Said was a privileged child and had little interest in the conflict between Israel and Palestine. His educational life was one of private school wealth, but perhaps most importantly, it was in a multi-ethnic, multi-religious community.
In 1951, Said was expelled from Victoria College in Cairo for poor behavior. Since his father had acquired American citizenship some years earlier, Edward was also an American citizen. He was sent to the United States and he finished high school at a private boarding school in New England. Upon graduation he went to Princeton University and studied English literature and history. He pursued his graduate studies at Harvard. His Ph.D. dissertation was on Joseph Conrad.
The Suez Crisis made quite an impact on him as an Arab-Palestinian, but now established in academic life in the U.S., he did not get involved in politics of the situation. However, the Israeli victory over the Arab forces in 1967, and the Israeli occupation of the last remaining Palestinian territories, forced Said to take a political stance for the liberation of Palestine. In 1968 he wrote his first article about the Palestinian cause: "The Arab Portrayed."
In 1970 Said went to visit his family in Beirut, and while there got caught up in the struggle for the liberation of Palestine. He became part of a community of academics and writers who were involved in various colonial and postcolonial struggles. During this time Said translated the speeches of Yassir Arafat into English for the Western press. He became an articulate voice for the liberation of Palestine in Europe and the U.S. He remained independent and never affiliated with a political party. However in 1977, Said was elected to the Palestinian National Congress in exile.
Also during the 1970's Said, as an academic in the field of comparative literature began writing on contemporary Arab literature; such authors as Naguib Mahfouz, Elias Khouri, and the Palestinian poet Mahmoud Darwish.
In 1975-1976 Said was a fellow at the Center for Advanced Study at Stanford University. It was while he was at Stanford that he wrote Orientalism. Over the next three years, he published Covering Islam (1981) and The Question of Palestine (1979), which, in conjunction with Orientalism, has been called his trilogy.
In the 1980's and 1990's Said effectively used his fame to further the cause of Palestine and to advocate for human rights. In the 1980's Said actively lobbied the Palestine Liberation Organization (PLO) to re-think the strategy of armed struggle toward liberation and urged Palestinians and all Arabs to understand the importance of mutual respect and co-existence with Israelis. He advocated a two-state solution. As a temperate voice, he made many friends within Israel.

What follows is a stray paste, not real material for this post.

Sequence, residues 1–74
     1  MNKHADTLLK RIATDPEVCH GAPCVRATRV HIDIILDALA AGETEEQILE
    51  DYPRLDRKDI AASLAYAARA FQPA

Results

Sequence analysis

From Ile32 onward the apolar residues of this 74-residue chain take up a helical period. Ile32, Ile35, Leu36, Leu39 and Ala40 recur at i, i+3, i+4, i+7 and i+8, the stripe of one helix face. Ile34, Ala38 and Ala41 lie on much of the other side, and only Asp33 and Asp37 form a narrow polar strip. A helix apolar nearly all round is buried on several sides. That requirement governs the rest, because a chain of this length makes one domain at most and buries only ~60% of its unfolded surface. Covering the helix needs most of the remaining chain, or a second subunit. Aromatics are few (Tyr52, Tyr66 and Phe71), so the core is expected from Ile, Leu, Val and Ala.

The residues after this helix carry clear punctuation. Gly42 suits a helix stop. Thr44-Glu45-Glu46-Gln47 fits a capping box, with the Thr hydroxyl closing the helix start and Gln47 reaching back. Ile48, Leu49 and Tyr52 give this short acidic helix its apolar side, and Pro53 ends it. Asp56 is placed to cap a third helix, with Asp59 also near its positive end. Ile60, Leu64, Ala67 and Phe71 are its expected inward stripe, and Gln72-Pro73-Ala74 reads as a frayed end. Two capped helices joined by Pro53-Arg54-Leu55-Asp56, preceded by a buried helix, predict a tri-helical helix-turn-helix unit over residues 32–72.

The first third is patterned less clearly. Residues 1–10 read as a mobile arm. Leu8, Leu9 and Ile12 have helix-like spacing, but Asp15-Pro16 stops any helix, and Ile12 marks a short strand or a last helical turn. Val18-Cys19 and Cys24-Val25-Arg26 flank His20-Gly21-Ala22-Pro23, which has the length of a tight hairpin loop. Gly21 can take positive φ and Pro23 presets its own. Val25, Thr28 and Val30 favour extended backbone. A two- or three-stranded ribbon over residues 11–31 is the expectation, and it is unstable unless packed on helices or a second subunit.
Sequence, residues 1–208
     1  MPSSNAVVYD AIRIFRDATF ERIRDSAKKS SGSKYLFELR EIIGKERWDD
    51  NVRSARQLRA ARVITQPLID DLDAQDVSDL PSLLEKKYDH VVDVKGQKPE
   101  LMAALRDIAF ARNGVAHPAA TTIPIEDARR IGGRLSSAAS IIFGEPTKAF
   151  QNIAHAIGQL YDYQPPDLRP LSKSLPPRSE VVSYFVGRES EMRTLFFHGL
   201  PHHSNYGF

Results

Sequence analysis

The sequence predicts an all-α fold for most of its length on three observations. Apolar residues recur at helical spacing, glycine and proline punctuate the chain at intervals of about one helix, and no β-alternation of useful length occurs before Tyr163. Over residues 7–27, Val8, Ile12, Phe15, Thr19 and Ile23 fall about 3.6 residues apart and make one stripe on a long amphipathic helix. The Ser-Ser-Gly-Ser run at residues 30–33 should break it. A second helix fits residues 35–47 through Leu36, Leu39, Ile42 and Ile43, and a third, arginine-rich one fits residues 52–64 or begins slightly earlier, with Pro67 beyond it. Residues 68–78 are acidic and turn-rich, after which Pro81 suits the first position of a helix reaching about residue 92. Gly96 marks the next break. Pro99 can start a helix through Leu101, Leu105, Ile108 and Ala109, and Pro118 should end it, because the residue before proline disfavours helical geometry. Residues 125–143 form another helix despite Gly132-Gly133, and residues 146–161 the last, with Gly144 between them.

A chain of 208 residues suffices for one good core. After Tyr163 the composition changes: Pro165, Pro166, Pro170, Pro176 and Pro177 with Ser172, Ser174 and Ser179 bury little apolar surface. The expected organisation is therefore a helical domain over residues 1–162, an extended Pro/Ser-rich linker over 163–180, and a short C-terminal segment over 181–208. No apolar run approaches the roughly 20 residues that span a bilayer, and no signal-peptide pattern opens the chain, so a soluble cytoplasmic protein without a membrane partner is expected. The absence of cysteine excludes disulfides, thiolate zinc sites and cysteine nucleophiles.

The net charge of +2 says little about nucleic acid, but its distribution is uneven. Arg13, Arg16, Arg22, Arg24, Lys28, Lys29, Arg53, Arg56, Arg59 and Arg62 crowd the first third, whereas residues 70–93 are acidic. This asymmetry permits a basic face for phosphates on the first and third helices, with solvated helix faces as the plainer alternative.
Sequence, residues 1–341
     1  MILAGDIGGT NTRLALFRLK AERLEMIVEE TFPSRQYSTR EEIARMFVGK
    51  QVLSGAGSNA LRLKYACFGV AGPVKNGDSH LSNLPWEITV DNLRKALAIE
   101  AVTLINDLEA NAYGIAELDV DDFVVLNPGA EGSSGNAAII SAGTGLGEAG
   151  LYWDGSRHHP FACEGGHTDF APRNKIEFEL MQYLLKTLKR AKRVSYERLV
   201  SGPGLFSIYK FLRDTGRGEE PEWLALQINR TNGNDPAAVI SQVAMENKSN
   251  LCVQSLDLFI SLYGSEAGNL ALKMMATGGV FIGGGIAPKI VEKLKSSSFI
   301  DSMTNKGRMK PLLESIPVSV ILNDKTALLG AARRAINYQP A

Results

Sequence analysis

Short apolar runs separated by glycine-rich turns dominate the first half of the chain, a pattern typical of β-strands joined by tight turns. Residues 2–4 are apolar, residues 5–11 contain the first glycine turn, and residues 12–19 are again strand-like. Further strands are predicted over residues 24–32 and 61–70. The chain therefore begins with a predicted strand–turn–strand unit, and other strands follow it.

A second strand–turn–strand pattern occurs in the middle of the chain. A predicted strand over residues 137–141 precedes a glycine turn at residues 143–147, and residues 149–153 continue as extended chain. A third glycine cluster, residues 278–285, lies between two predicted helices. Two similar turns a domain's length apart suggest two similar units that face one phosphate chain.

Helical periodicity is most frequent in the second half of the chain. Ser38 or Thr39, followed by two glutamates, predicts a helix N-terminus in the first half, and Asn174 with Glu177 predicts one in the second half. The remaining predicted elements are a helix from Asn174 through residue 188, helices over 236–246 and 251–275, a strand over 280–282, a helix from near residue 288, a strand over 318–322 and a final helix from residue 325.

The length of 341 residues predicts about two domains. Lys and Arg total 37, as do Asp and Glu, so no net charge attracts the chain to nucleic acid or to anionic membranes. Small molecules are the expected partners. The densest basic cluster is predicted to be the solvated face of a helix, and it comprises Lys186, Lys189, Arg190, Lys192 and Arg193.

During this period, Said became a target of personal attack by conservative Jewish and Christian Zionists. These attacks on Said suggest an "Orientalism" on the part of the right-wing Zionists. As an articulate Arab intellectual, Said was viewed as a threat. In 1985 the Jewish Defense League called him a "Nazi." A short time later his office at Columbia was burned.
In 1991 Said resigned his position on the Palestinian National Congress, and broke with Arafat. He was critical of the peace agreement between Israel and the PLO made at Oslo, and felt that the PLO "lacked credibility and moral authority."
The 1990's was a politically and personally difficult period for Said. In 1991 he was diagnosed with leukemia. The pain, suffering, and lengthy hospitalization prompted him to write a memoir. Out of Place relates the experiences of his youth and his feelings of exile. Said's illness went into remission, but it still took a toll on his health and lifestyle. It was during this period that he returned to Palestine for the first time since his childhood.
In 1993 Said published his most comprehensive works on postcolonial study, Culture and Imperialism, and in 1994, Representations of the Intellectual. These two books, in his field of comparative literature, brought him again into prominence in the academic community. Said became the president of the Modern Language Association in 1998.